Recommended Reading: Workforce Management for Email and Chat
| Published: October 13, 2010 | Comments (3)
A forecasting shortcoming uncovered in the 2010 ICMI Contact Center Workforce Management Practices Report is that few centers are giving email contacts the attention they deserve. Nearly three in four centers (72.9%) surveyed handle customer email, but just over one in three (37.5%) forecast and schedule for email contacts. While customers do not expect email inquiries to be answered immediately, it’s still important for centers to be adequately staffed to handle customer emails within a reasonable amount of time (top contact centers typically shoot for a response time of 4-8 hours, or less, and inform customers of that response time). Effective scheduling for email is certainly difficult to do without regular analysis of historical data and current situations to get an idea of how many email contacts the center will be receiving over a given period of time.
It is important to note the impact of not managing the email channel. If centers don’t respond to an email within the customer’s expectations, they abandon the channel. Worse case scenario: They abandon the channel and go to a competitor. Best case scenario: They abandon the channel and try another one, but now the center must answer a call. When the queue clears, we send agents to handle email. Most call centers do not have sophisticated enough systems to identify that a caller has an unanswered email, so they don’t close it out of the system when the call is complete. Consequently, once the call queue is under control and agents start working on the email backlog, the center has to hope that agent answers the email request the same way the agent who handled the call did. If the agent gives the customer a different answer, the customer may contact the center yet again for clarification, costing the center even more money and wasting the organization’s resources.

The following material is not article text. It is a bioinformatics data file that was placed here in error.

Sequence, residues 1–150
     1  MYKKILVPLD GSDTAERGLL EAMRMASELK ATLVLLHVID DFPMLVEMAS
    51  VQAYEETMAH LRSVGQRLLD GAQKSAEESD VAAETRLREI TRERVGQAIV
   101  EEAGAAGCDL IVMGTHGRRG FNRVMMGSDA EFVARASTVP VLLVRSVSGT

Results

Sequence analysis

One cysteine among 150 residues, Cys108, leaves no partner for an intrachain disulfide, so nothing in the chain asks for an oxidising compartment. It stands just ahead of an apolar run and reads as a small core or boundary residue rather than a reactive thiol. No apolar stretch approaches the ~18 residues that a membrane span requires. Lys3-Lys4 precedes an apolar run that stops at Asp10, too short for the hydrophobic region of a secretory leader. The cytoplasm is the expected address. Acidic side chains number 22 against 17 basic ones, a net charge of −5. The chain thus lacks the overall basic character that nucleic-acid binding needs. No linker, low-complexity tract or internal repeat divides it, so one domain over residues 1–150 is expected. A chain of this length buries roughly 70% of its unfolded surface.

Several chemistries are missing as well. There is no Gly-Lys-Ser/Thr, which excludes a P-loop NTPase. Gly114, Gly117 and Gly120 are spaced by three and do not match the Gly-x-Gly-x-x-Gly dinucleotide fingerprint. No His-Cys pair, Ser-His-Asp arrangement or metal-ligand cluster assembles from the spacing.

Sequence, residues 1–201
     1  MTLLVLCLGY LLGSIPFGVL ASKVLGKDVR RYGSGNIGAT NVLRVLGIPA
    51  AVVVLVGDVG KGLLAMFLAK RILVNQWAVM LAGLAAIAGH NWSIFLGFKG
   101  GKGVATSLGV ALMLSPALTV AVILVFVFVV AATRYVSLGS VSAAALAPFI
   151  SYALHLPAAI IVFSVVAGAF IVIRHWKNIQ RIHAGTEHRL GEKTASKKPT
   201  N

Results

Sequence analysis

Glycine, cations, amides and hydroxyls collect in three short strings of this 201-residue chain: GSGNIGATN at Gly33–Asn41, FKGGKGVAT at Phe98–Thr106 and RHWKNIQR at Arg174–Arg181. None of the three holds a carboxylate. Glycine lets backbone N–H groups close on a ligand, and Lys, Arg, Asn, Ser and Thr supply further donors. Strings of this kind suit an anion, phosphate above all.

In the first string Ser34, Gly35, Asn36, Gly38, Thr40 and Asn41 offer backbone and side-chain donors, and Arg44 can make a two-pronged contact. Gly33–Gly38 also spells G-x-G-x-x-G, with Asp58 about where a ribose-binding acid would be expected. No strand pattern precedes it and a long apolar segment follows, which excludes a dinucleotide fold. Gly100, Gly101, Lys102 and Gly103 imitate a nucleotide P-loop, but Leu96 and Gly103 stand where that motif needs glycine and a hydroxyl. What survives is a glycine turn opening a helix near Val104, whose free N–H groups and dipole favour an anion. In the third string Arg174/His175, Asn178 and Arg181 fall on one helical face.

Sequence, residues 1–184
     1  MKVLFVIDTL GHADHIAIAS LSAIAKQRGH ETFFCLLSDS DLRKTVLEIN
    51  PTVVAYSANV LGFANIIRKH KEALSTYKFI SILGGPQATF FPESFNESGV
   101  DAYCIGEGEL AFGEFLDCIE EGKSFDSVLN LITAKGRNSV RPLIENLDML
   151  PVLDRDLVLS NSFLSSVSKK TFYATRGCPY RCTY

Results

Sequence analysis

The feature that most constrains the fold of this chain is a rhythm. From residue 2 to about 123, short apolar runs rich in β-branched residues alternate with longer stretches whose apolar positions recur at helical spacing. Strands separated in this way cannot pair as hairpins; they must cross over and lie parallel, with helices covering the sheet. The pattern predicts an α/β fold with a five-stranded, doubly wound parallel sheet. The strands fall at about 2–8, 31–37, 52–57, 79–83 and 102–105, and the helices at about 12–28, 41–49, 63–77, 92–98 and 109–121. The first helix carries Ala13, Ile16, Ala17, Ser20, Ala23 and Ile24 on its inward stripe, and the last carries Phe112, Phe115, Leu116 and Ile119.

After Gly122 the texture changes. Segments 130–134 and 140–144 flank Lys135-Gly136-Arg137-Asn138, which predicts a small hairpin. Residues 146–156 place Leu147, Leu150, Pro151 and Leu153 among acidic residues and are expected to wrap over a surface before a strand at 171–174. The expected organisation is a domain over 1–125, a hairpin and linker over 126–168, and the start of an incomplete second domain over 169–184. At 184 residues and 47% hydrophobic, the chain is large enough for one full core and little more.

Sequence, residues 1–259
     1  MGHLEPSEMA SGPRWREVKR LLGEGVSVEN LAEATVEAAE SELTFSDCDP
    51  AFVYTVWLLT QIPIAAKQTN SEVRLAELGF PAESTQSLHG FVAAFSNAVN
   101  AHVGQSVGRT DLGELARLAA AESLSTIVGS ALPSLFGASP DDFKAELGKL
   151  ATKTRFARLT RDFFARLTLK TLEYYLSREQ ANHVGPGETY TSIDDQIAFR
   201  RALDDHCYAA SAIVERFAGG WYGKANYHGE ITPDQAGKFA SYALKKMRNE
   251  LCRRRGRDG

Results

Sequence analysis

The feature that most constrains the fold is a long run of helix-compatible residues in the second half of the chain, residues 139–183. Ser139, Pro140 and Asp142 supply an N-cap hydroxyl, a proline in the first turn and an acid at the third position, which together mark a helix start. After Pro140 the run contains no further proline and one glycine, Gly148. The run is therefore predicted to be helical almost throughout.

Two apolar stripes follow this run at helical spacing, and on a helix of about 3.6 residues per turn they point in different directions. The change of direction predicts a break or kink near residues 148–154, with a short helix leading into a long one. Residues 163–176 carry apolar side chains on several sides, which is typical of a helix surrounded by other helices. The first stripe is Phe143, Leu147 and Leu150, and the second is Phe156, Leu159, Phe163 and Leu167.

Contact centers that aren’t forecasting for non-phone related contacts typically fall into one of two buckets: 1) Their WFM software is an older version that does not adequately support these “other” channels; or 2) Users do not know how to track, measure and forecast other channels. It is important to note here that almost all WFM software today offers multi-media forecasting functionality. For contact centers that do not have a WFM system in place, creating forecasts for contacts such as emails — which have response time objectives versus service level objectives — is far less complicated because queuing formulas and computer simulation are not needed. Most of the time, centers can easily create “deferred work” forecasts for emails in a spreadsheet.
Contact centers’ performance with workforce management as it pertains to text chat contacts is lackluster, at best — only 49.5% of respondents that handle chat actually forecast/schedule for it. Although chat is less common than email — only one in four centers surveyed (24.6%) currently offer chat as a contact option — customers expect to be answered by an agent in real or near real time when they initiate a chat session. Thus, proper forecasting — and solid scheduling based on those forecasts — cannot be overlooked in centers that hope to avoid e-support struggles and online customer backlash.
Workforce Management, People Management, Technology, Site Operations, Learning & Development
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